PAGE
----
The New York Knicks take on the Nets for the final time in New Jersey on Wednesday, but Carmelo Anthony and co. don’t really have time to reflect on their storied rivalry.
The Knicks, who dominated the Boston Celtics in perhaps their best performance of the season on Tuesday, enter Wednesday’s contest one game ahead of the Philadelphia 76ers for the seventh seed in the Eastern Conference, and hold the head-to-head tiebreaker over the Sixers. New York is also 2 ½ games up on the ninth-seated Milwaukee Bucks, but are tied head-to-head with them (the second tiebreaker, if necessary, would be the conference record). With five games remaining in the Knicks’ regular season schedule, they’re 3 ½ game behind Boston for the Atlantic Division lead and if the Celtics’ win and the Knicks lose on Wednesday, New York will be eliminated from contention for the division title altogether.
Though, with a favorable schedule ahead of them and a resurging Anthony at the helm, the Knicks have a chance to steal the division. Since interim head coach Mike Woodson took over for the much-maligned Mike D’Antoni, New York is 13-5 and are playing an inspired brand of basketball that features in-your-shorts defense and a rejuvenated supporting cast. The Knicks bench outscored the Celtics bench 55-2 on Tuesday and JR Smith and Steve Novak erupted for 25 points apiece and largely contributed to the Knicks tying the NBA’s single-game 3-point record at 19. Yet, as refreshing as it is to have New York’s bench come alive, the Knicks’ success still solely rests on the shoulders of Melo.
Anthony drew heavy criticism for the Knicks’ early-season struggles this year, and he was disparaged even more when the team played well without him under the rise of Linsanity. But since Lin went down with a season-ending knee injury and Amar’e Stoudemire became sidelined due to a bulging disk, Melo has played his most efficient basketball. Over the last 12 games in Stoudemire’s absence, Anthony’s averaged 31.7 points per game on better than 50 percent shooting—he only shoots 39 percent when sharing the floor with Stoudemire. He’s also shooting eight percent higher from beyond the arc when Stoudemire’s off the floor. On Sunday, Anthony scored 42 points against the Miami Heat and followed it up with his second-career triple-double (35 points, 12 rebounds and 10 assists) on Tuesday against the Celtics. With his recent explosion, could Stoudemire’s potential return—he may be reinserted into the lineup as soon as Friday—hinder the Knicks’ and ultimately Melo’s success?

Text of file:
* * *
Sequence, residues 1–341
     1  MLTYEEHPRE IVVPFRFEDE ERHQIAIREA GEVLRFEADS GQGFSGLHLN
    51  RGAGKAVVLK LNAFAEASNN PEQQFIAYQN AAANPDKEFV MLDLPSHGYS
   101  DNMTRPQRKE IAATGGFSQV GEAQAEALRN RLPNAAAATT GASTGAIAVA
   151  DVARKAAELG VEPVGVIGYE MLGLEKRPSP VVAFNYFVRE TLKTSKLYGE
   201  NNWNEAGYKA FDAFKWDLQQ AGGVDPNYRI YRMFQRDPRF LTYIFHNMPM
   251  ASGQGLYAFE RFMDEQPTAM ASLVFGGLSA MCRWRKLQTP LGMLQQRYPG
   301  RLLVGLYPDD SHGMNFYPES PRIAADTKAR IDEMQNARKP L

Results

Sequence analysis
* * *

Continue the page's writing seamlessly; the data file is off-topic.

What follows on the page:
Before Melo arrived in New York, Amar’e averaged 26 points per game and he was the Knicks’ unquestionable leader. In 43 games this season, Stoudemire averaged 17.6 points and eight rebounds on 47 percent shooting. He did it with a questionable back and knees, and he accepted a lot of criticism thrown his way for the Knicks’ underachieving play after the All-Star break. Still, the fact remains, in order for the Knicks to be successful in the postseason, they need Amar’e to be healthy and resemble his former self.
Coach Woodson knows Stoudemire and Anthony’s stats may suffer when they share the court together, but he’s still going to start STAT in an effort to make things work between the two superstars. Anthony is a great player, who is probably one of the best pure scorers in league next to Kevin Durant, but his teams have lost in the first round of the playoffs seven times out of eight times. With the Knicks set to face the top-seeded Bulls or the second-seeded Heat in the first round this year, the odds favor Melo ending up 1-for-9 in the postseason, but the way New York has performed this month, the odds don’t really matter. A healthy Amar’e Stoudemire could make the Knicks a first round opponent that neither the Bulls nor the Heat should want to face.